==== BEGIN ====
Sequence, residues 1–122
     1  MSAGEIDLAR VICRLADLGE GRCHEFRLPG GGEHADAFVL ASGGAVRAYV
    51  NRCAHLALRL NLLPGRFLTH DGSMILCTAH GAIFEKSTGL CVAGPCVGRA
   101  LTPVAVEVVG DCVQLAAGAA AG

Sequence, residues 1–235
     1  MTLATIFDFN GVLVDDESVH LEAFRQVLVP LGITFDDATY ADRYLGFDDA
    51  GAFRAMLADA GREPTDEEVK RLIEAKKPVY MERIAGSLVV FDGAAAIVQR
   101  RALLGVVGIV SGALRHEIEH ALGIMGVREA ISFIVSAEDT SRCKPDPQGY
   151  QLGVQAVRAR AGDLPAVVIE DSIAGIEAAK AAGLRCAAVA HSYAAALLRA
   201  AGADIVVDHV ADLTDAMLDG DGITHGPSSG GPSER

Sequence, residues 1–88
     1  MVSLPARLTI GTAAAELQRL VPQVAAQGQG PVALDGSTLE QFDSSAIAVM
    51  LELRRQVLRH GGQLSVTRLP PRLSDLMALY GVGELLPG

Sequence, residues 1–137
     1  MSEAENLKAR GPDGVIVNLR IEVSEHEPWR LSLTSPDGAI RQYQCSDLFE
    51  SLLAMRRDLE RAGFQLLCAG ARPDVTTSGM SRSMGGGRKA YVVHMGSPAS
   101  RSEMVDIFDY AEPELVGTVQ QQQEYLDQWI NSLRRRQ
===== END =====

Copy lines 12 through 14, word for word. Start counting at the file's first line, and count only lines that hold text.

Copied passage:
     1  MVSLPARLTI GTAAAELQRL VPQVAAQGQG PVALDGSTLE QFDSSAIAVM
    51  LELRRQVLRH GGQLSVTRLP PRLSDLMALY GVGELLPG

Sequence, residues 1–137